Still, they gathered, and pledged support. The Gulf Arab states plan to pledge $1.65 billion in aid over a five year period. The EU will pledge $552.6 million, both for Gaza’s reconstruction and to help pay for the reforms of the Palestinian Authority. Britain pledged $43 million to rebuild Gaza’s economy. The PA is reportedly seeking up to $2.7 billion from donor nations for the Gaza recovery. What will they do with it? So far the egos at play in the PA have siphoned off most of the aid given to the Palestinians into their own pockets. Why would this be any different?

Hamas complained they were not invited to the party. They should complain. They are the 800 pound gorilla in the play. Hamas’ popularity is high. They are considered a winner in the war against the aggressive Israelis. Hamas still has kidnapped Israeli soldier, Gilad Shalit, and still lobs rockets at Israel at will.

Last night Israel TV showed a clip from the Arab Al Jazeera TV networks report from Gaza. A reporter, in flak jacket for no obvious reason, squatted beside a masked Hamas fighter who first proudly showed the Grad warhead, about the size of a pointed steel tennis ball, to the reporter, then inserted it into the slender rocket and shoved both down the tube hidden in the sand with only a few inches of rim visible to the naked eye. A long fuse snaked out of the tube. The fighter lit the fuse and by the time the rocket took flight both reporter and fighter were far away.

No robotic predator drone nor IDF helicopter would spot this rocket until it was airborne. Israel, with all its might and sophistication, was being toyed with by an under funded under armed militia. Each rocket was an embarrassment to Israel. Each day they fired another Grad was another day that the achievements of the Cast Lead operation diminished into near invisibility.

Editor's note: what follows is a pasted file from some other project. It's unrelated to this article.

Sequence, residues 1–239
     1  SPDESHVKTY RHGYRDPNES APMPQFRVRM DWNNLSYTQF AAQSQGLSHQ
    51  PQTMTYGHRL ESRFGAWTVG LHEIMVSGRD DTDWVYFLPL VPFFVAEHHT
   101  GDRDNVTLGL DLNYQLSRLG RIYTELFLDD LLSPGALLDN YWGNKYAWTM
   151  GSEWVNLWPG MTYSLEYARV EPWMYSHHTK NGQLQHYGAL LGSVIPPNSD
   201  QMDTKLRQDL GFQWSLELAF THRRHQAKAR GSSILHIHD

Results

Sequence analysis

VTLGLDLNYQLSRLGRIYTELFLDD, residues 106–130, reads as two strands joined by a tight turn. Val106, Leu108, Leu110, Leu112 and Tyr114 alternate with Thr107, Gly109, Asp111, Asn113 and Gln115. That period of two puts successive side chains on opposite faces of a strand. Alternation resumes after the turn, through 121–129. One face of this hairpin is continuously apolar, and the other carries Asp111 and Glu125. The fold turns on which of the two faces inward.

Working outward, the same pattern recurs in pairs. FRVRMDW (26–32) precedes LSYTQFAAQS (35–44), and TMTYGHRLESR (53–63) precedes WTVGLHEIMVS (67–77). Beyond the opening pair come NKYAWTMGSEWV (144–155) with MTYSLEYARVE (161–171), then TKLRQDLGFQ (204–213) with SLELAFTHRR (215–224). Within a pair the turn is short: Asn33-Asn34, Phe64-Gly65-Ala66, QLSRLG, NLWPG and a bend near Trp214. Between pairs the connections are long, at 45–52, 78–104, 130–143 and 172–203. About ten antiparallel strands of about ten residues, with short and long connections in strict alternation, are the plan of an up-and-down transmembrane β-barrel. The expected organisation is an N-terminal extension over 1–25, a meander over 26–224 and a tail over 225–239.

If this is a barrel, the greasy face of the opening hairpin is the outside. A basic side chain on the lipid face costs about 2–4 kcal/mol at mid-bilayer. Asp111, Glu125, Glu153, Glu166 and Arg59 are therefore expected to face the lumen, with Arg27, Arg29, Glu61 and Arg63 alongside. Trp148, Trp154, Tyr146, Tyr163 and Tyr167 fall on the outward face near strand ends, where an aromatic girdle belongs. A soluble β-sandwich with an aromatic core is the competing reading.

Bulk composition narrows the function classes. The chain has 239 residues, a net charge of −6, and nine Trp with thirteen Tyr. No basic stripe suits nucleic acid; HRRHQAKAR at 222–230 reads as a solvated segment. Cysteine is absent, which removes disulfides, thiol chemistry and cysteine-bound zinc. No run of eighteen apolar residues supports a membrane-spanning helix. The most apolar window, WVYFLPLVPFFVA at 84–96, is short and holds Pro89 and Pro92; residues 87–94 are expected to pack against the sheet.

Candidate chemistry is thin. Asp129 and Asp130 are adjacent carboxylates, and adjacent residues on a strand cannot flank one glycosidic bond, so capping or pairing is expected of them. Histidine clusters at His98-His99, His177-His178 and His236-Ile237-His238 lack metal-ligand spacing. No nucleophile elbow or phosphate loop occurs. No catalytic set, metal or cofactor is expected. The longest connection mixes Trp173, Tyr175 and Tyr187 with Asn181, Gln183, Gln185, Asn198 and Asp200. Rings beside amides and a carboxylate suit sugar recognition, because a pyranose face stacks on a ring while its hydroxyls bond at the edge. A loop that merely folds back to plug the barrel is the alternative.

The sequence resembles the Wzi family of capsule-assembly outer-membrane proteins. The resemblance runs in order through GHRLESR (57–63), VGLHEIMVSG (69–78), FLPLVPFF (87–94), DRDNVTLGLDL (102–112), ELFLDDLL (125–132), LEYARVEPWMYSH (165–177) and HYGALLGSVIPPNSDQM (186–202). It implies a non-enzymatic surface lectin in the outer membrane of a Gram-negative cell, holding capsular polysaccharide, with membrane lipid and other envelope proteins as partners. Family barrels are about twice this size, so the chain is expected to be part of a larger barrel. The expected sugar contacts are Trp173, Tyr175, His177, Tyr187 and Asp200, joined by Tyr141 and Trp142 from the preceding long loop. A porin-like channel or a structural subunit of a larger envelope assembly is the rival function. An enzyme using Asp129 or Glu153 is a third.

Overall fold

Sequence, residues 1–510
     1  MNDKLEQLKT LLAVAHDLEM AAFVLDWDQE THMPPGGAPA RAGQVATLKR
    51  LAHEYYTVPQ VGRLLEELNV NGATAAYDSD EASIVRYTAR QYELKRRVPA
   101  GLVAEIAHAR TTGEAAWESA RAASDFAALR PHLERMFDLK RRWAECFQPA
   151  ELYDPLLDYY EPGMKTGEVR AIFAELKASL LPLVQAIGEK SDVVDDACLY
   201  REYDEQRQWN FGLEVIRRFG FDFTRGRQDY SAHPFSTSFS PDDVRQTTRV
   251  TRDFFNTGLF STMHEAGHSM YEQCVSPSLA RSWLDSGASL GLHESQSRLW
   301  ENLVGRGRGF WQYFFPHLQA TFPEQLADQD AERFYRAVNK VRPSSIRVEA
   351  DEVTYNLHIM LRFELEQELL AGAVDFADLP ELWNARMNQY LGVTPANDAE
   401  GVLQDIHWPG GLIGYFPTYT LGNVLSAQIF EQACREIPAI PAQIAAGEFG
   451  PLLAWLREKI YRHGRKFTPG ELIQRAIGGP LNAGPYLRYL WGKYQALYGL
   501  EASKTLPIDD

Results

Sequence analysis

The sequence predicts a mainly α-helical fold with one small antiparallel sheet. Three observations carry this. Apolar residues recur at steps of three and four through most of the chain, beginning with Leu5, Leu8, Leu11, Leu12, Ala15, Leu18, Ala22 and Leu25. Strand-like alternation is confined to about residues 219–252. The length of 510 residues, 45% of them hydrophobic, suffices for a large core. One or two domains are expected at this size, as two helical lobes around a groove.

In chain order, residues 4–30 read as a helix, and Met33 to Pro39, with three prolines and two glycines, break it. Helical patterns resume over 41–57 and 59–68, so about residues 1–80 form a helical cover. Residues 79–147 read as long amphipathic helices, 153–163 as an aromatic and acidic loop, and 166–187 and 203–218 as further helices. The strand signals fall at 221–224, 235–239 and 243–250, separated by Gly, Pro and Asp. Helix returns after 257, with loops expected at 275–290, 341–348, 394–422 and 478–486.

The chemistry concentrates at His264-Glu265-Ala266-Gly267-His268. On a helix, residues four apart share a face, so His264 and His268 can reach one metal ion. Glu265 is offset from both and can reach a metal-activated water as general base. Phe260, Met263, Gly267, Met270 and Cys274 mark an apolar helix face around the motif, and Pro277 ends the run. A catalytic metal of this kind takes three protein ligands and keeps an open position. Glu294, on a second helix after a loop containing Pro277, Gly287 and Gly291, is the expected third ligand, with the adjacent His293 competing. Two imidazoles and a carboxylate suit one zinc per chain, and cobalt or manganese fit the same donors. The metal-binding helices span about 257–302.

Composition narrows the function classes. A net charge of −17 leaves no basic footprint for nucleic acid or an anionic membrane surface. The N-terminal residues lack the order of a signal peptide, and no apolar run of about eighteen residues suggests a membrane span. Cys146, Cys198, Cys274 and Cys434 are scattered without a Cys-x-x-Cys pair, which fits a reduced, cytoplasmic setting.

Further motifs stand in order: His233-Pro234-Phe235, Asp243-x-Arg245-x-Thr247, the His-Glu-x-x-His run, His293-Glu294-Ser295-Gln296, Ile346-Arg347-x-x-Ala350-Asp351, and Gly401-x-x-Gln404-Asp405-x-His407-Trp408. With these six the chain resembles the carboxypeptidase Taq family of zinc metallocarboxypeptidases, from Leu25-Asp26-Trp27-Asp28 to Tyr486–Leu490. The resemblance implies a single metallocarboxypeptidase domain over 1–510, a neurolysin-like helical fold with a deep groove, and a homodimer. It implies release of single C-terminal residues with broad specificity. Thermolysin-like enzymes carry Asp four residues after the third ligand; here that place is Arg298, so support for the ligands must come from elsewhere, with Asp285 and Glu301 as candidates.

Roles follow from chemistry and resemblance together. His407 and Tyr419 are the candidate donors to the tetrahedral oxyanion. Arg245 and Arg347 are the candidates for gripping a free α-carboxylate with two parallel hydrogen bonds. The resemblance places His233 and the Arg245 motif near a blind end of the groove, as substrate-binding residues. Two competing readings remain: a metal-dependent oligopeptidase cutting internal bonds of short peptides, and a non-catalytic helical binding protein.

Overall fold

The ego of Ehud Barak, current Defense Minister is still obvious. He would sorely love to be the Defense Minister in the Netanyahu-lead government, even though the two men have been bitter rivals for a decade and a half. Barak wants to be in the limelight, not in the back benches.

However former Chief-of-Staff Shaul Mofaz, of the Kadima party, also wants that job. He is maneuvering to get Kadima to join Netanyahu in the coalition, but so far has only run into Kadima party leader’s Tzipi Livni’s obdurate behavior in the face of compromise. Either Kadima gets a rotation agreement, where Livni and Netanyahu will take turns being Prime Minister, or she goes into the opposition. Kadima party members like Mofaz, and current Finance Minister Bar On aren’t so happy about sitting on the sidelines if they can help it. One pundit even postulated that Mofaz would abandon Kadima and jump back to the Likud at first opportunity.

One wonders where the public good comes in all of these considerations? Or if it comes up at all? More egos, and more egos.

Perhaps someone has the good of the people in mind. But who?